What is Sciatica? How do we treat it?
What is sciatica? How is it treated? Basically sciatica is a condition where the sciatic nerve that supplies your buttocks, hip, and lower limb becomes injured - usually due to pressure put on it due to changes in the anatomy of your body. The sciatic nerve is formed from the last two lumbar nerves and the first three sacral nerves that leave the openings in the side of the sacrum. Once formed, this sciatic nerve and its main branches travel down the front and back of your leg. This nerve provides us with the ability to move our leg and feel the environment around us. The sciatic nerve may be affected due to a decrease in the size of the openings the spinal nerves leave the spine, as might occur with conditions such as spinal stenosis, lumbar disc herniation, and ruptured discs. The structural integrity of the sciatic nerve may be affected by structures outside the spine, as might occur with conditions such as Piriformis syndrome and lumbosacral strain. Treating this condition correctly will involve correctly identifying where the entrapment of the nerve has occurred and selecting an appropriate treatment for the cause of the pressure or irritation on the nerve.
What are the symptoms of sciatica? Patients become well aware of the symptoms of sciatica when they experience leg pain that is either sharp or a dull ache. This pain and discomfort may be felt where the nerve has become compressed, or it may radiate throughout the path of the nerve. If the pain generator is close to the spine, the pain may radiate across the back and down the leg.
This pain may be sudden or progressive, constant or intermittent. Besides pain, patients may experience other symptoms related to the disruption of the functioning of the nerve. Other symptoms patients describe include pain that is burning, electrical, stabbing, or sharp. The patient may experience changes in sensation and changes in strength of the affected leg. In many cases, the pain of sciatica is accompanied by achiness, weakness, tingling, and numbness.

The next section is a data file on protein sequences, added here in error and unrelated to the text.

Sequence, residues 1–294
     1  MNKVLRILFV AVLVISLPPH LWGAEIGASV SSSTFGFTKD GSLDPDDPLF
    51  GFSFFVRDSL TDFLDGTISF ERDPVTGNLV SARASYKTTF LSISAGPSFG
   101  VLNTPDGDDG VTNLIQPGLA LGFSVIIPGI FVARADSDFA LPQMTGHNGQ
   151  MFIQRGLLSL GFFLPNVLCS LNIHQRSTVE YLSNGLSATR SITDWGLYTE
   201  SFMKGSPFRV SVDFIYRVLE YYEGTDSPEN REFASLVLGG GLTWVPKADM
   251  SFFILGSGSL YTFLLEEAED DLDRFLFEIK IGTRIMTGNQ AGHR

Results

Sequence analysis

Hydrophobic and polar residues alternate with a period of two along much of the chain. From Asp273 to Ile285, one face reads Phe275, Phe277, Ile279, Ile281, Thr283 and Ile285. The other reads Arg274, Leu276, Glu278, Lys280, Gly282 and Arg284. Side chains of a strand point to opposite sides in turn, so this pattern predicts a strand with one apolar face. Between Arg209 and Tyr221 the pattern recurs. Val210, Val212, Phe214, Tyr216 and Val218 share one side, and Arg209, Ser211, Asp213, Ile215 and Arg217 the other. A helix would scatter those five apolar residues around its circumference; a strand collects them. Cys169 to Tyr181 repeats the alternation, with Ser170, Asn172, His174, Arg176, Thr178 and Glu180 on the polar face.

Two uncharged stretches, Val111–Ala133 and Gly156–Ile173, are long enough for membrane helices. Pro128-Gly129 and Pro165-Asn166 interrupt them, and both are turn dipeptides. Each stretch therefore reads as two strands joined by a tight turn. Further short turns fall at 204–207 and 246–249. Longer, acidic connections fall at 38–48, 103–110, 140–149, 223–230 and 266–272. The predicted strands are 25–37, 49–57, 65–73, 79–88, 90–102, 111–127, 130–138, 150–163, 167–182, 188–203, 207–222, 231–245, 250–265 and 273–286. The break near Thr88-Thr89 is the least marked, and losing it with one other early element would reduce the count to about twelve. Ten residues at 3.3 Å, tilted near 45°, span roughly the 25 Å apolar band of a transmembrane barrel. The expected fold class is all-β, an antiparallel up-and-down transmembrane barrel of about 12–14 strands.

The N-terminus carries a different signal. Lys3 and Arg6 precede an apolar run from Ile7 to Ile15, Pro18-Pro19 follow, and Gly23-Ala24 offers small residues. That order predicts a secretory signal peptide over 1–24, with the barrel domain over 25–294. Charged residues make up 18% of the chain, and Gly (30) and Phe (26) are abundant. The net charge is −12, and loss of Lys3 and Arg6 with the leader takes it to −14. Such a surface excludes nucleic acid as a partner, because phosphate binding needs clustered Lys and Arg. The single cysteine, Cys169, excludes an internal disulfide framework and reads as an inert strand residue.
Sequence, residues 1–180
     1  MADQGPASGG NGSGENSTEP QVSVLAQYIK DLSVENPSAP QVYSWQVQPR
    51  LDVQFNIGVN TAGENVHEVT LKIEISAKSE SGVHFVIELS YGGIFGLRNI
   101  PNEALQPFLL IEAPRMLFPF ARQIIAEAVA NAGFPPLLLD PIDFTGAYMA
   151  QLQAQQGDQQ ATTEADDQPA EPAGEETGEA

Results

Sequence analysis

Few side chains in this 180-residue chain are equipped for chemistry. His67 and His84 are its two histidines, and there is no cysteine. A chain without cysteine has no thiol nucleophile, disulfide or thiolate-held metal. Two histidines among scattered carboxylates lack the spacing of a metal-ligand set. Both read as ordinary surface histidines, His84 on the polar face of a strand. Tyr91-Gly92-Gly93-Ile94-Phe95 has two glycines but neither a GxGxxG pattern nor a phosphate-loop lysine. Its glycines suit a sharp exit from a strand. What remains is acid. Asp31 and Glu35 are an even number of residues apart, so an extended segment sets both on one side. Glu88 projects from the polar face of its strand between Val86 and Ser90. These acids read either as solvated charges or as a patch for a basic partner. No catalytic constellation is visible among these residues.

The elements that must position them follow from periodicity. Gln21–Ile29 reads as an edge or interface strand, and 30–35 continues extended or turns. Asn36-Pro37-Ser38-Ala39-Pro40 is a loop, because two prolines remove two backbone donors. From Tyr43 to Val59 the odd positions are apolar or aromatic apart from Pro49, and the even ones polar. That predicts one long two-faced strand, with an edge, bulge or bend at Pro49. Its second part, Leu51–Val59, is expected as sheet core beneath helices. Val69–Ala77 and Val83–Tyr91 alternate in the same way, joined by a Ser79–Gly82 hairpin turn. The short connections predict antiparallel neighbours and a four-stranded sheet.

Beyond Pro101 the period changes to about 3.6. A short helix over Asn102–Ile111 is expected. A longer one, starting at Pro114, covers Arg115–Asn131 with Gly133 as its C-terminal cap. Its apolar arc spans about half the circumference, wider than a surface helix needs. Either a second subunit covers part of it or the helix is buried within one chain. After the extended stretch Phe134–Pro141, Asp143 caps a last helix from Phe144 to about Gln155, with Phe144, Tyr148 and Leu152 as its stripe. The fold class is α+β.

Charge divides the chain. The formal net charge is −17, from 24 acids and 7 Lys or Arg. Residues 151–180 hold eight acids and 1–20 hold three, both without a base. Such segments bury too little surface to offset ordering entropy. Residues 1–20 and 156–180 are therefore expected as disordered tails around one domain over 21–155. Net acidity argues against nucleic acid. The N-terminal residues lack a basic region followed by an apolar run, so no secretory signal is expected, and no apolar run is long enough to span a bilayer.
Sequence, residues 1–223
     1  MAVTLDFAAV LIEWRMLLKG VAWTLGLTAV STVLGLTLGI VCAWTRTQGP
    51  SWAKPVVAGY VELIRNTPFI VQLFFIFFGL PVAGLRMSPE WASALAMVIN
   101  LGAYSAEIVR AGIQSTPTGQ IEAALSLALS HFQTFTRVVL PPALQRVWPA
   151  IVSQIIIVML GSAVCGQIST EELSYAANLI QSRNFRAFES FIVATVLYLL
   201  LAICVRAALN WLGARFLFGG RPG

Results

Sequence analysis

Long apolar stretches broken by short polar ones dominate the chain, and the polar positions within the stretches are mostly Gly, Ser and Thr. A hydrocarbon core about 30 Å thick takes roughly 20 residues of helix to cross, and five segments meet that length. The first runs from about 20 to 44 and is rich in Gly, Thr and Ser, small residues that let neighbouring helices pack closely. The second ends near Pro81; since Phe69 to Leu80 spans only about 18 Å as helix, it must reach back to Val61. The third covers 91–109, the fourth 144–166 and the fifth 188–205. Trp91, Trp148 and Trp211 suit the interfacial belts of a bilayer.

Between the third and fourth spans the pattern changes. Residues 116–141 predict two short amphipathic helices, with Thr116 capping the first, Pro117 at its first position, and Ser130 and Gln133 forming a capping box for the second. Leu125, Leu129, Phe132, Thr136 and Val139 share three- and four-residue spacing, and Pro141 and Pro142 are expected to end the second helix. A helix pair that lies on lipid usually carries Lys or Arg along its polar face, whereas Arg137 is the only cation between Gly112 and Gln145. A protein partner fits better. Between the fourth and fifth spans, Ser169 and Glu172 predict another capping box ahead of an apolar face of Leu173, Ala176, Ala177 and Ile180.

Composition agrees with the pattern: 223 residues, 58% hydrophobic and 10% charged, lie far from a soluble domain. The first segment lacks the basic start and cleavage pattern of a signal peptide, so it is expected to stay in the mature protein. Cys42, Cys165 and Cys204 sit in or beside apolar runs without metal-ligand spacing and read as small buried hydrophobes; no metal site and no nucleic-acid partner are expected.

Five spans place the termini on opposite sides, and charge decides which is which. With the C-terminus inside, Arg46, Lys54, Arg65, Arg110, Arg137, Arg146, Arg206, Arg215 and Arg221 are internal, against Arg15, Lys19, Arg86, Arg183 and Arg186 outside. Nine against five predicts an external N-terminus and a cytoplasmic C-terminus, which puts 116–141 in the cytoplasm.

Here's a preliminary look at some of the causes of sciatica and the available treatments.
Spinal Stenosis: The bones of our body, including the vertebral bones, change throughout our lifetime in both size and shape. Though these bones are solid, and make up the framework our out body, that is malleable structures that are constantly giving up minerals to the bloodstream and absorbing them. When we are young and healthy, the give and take of minerals to the bones, from the body, and to the body, is in good balance, and density of the bones remains strong, for people with a healthy body and spine. As we get older, the bones may become weaker and prone to fracture. These bones may thicken, in some cases affecting the structures around them. In some cases, the bones may thicken to the point that they constrict the spinal nerves within the spinal canal, and those that leave the spine.
Spinal stenosis is a narrowing of the spinal canal. As we become older, the bones may become injured, and new bone is deposited in these same areas. These new deposits of bone are known as osteophytes (bone spurs) and their formation may narrow the size of the spinal canal. Because the spinal nerves that give rise to the sciatic nerve pass through the spinal canal, this constriction of the spinal canal may negatively affect its health. There is a gradual onset of pain in the lumbar region. The pain may radiate into the buttocks and sometimes down the legs.
Various types of activities or inactivity may bring on the symptoms of sciatica, or increase the intensity of the symptoms you persistently feel. Certain factors that may make this condition worse include climbing stairs, walking, prolonged standing, and exercise. Many people with sciatic pain related to spinal stenosis may only be able to walk short distances before the intensity of symptoms makes it hard to keep going. Sometimes, the discomfort may be lessened by sitting or rest.
In order to diagnose spinal stenosis, doctors will obtain a thorough medical history and perform a physical exam.
Further medical testing that is done to diagnose spinal stenosis includes the CT Scan with myelogram, and MRI.